At least, I think that is what she means. I have exhaustively googled this phrase, even focusing on Cuban slang dictionaries, in search of that definition and nada. I found sites that translate it to busted, tired or even slutty...nothing about lucky. Still, she is a good friend so I am choosing to believe her.
The truth is she might be right. While I do try to research my travels and do my best to be at the right place and the right time, I have to admit that a lot of my coolest experiences have happened as total flukes. Take for example, my second day in Seoul. I had already done the DMZ tour, so my plan was to get a 24 hr ticket on the Hop-On/ Hop-Off tour and explore some of the neighborhoods a friend had recommended.
I was staying in the Pangyo district, south of the city so Sunday morning, I boarded a bus to Gwanghwamun Square, where the tour would originate. For reasons I did not understand, the bus stopped several blocks short of my destination and the driver explained that I would have to walk the rest of the way. No problem, I had time.
As I approached, the reason became clear. Some of the streets were being blocked off and tents had popped up in the medians. There was some kind of festival or rally about to take place. This was days prior to the presidential election so I figured it was the latter and hoped that the closures would not affect the tour too much.
In the event that it did, I decided to go into the tourist information office for a back-up plan. The very helpful woman inside grabbed a map and proceeded to doodle all over it. "From 10-11, there will be a parade here" "From 3-5, there is are free Heritage activities here" "There are events all day long here." And so on... It turned out it was the last day of the Korean Royal Palace Culture Festival!!
If there was security meant to keep non-participants from roaming the grounds, taking photos and generally being in the middle of everything, they did a crap job because I was all over the place.
My idea was to get as many photos as I could before the parade began, at which time, someone would surely come and boot me out of there. Only, no one ever did. I stood in the middle of the courtyard, ducking flags and banners as the parade just kind of went around me. It was nuts!!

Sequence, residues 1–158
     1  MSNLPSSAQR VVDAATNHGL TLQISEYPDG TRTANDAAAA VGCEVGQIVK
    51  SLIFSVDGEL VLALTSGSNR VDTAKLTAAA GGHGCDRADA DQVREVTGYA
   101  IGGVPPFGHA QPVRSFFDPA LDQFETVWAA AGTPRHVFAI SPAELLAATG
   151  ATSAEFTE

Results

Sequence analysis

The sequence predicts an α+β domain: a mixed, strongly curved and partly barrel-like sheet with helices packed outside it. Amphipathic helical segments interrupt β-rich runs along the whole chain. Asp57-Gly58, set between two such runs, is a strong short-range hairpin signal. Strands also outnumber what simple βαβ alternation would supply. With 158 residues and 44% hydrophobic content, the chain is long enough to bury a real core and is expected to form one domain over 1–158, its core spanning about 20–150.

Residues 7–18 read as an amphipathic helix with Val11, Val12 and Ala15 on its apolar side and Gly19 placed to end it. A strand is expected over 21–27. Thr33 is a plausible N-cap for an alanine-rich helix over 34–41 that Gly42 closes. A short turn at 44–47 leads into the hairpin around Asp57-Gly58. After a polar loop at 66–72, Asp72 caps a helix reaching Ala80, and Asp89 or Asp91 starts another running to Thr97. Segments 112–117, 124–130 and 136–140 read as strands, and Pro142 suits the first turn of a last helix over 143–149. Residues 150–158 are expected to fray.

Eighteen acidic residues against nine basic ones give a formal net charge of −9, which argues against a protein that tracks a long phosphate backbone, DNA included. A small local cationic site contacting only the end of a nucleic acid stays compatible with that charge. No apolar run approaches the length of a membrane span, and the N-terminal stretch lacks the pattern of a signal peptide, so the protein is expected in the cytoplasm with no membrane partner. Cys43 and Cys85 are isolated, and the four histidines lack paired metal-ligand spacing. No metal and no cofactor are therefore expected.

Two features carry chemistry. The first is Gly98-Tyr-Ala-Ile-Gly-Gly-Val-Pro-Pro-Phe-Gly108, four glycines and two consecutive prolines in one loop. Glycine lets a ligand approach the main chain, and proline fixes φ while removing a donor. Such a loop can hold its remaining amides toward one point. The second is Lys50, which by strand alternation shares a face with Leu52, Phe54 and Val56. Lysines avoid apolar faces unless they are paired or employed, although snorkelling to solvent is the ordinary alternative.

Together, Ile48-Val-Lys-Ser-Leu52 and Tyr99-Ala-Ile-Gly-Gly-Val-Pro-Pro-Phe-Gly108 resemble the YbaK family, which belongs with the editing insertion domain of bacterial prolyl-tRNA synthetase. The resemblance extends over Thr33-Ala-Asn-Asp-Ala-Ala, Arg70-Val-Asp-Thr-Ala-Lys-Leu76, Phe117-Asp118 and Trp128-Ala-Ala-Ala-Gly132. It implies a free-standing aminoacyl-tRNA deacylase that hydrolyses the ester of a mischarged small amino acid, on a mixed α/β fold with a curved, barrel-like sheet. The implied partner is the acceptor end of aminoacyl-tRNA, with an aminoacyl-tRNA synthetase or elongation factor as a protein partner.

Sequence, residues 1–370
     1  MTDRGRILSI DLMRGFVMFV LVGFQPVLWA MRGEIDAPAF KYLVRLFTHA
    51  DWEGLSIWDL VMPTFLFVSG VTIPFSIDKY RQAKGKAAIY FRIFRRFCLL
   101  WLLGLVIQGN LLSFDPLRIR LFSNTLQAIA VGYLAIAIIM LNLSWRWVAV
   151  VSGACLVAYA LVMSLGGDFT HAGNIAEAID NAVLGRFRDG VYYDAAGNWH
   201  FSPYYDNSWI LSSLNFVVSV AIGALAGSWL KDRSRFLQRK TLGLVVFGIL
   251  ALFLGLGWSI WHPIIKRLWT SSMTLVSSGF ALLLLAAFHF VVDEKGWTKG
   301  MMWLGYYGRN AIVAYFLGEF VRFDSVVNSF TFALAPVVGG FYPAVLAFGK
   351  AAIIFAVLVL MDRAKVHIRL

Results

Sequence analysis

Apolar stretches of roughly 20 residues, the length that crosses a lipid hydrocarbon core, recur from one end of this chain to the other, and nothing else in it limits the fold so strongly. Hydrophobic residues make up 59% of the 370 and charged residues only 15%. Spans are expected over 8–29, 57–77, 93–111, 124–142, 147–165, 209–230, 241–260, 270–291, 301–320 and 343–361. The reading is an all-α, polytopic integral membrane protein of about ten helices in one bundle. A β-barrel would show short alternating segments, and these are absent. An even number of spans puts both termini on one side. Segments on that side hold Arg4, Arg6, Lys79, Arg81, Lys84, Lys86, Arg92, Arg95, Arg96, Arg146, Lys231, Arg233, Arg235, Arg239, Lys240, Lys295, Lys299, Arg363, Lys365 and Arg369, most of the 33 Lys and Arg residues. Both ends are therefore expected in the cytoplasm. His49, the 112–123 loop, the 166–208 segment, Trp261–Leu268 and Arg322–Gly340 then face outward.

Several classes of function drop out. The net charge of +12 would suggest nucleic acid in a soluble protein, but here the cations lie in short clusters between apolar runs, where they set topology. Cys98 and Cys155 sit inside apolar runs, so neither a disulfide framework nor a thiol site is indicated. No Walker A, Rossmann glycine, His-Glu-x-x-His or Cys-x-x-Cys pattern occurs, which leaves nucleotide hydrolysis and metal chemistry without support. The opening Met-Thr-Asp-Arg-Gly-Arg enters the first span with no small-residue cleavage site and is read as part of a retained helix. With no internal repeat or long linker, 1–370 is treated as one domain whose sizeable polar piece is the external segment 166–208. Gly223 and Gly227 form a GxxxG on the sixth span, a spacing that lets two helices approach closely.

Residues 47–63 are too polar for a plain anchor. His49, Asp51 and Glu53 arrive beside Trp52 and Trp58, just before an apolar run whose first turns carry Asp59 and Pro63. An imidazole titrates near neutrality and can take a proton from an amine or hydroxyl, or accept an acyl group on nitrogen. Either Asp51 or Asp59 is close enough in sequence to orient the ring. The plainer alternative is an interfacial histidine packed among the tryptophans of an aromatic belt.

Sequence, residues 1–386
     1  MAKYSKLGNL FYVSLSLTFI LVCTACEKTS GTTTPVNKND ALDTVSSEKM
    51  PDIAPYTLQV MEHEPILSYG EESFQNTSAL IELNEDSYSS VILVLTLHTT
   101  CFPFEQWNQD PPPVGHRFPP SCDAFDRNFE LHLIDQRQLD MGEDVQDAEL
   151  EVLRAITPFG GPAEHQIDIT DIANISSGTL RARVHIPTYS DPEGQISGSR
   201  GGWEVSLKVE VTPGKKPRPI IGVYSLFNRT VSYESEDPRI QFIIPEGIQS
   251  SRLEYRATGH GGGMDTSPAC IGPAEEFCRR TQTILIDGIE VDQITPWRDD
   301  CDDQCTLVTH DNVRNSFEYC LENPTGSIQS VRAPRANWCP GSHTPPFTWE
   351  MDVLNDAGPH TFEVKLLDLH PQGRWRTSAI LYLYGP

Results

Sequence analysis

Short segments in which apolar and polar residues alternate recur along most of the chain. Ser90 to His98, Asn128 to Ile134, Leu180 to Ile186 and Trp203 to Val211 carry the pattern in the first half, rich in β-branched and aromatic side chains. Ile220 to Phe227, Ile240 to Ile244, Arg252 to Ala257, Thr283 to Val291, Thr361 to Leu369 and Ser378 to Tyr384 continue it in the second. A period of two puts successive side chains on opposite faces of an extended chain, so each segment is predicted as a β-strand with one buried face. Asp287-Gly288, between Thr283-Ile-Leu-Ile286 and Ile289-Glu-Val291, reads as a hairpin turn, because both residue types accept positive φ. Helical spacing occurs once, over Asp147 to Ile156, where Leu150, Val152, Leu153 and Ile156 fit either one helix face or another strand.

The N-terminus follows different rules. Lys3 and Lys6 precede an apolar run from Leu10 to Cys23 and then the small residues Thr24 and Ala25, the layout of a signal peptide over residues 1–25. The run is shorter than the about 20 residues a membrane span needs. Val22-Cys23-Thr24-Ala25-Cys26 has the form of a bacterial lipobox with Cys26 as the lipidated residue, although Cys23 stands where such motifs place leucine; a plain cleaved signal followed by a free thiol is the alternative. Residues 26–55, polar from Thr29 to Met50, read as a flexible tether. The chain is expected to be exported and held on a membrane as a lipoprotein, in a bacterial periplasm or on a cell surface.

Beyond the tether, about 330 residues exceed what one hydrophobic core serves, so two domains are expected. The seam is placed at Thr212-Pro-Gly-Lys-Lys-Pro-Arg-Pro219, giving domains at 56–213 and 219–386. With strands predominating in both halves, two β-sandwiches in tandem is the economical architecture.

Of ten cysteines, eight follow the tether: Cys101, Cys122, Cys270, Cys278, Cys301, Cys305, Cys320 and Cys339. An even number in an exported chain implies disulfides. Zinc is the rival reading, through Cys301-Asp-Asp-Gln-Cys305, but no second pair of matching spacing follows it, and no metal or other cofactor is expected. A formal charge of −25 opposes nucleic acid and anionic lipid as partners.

I completely had the best seat in all of the parade route! I was reventada to the extreme!!
Once it was over, I figured it was a good time to finally visit the palace itself. I went to buy a ticket, looked at my change and realized I had been charged the reduced childrens' rate. I was not about to blow all this luck on ripping off a cultural institution so I explained to the woman in the ticket booth that she had undercharged me. Nope, there was a reduced admission for the festival.
Once inside, I wondered if there was an audio guide I could rent to better appreciate what I was looking at. No need as I immediately stumbled across an English tour and was able to follow it for the next hour, learning all about the Joseon Dynasty and the history of the palace itself.
Our guide explained that one of the reasons that the Joseon Dynasty ruled longer than any other , over 500 years, was their insistence on accountability. At all times, there was someone documenting everything the emperor said or did . One emperor in particular, went out horseback riding and managed to fall off his horse, He turned to his guy and ordered him not to include this in the public record. Not only did the documentarian record the fall, he also recorded the order not to record it.
|The Royal Banquet Hall|
|Even the chimneys were beautiful|
|Hyangwonjeong Pavilion: Although most of the palace was destroyed by fire during the Injim War, this pavilion managed to survive.|
As part of all the festivities, many of the women were wearing the traditional Hanboks. Not one to feel left out, I found a booth just outside the palace where they were offering free hanbok photo ops and joined in on the fun.
|Korean Cotton Candy is the best Cotton Candy|
After all the excitement of the morning, I was getting hungry so I made my way over to the Insadong area. This is where you can find lots of galleries, souvenir stores and most importantly for my purposes, restaurants.
As I checked out the street food, I wondered if the similarity between Korean pancakes and the poop emoji was coincidental.
And then I saw this and realized, nope this is very much meant to look like a turd snack, no accident about it.
In the end, as a hungry vegetarian, I did what I always do when I feel I might have a hard time finding something I can eat, I found an Indian restaurant.
Meanwhile all around me, the party continued...
I looked at my map full of doodles and saw that there was still more to do. I ran over to the Jongmyo Shrine just in time to attend a ceremony called the Jongmyo Jaerye meant to honor the departed. This ritual dates back to the Joseon period and is now recreated once a year...and here I was!!
To be sitting there on this beautiful day, listening to the rhythmic chanting and watching a tradition that dates back over 600 years was one of those experiences I know I will always remember.
From looking towards the past, I jumped on the metro and soon found myself in front of one of the most cutting edge buildings in Seoul, Zaha Hadid's Design Plaza. It is in the Dongdaemun shopping district and pretty much looks cool from all angles.
|The coffee shop inside the Design Plaza|
By this time, the sun was beginning to set and I had already walked over 13 miles (per my iphone). It was time to return to Pangyo. As I sat on the train, I looked back at the day I'd just experienced. I'd woken up with no higher expectation than a chill tour of the city and had ended up experiencing a parade, countless celebrations and one hilariously jacked-up ipad portrait. Maybe Ivon is right after all. Maybe I am tremenda reventada.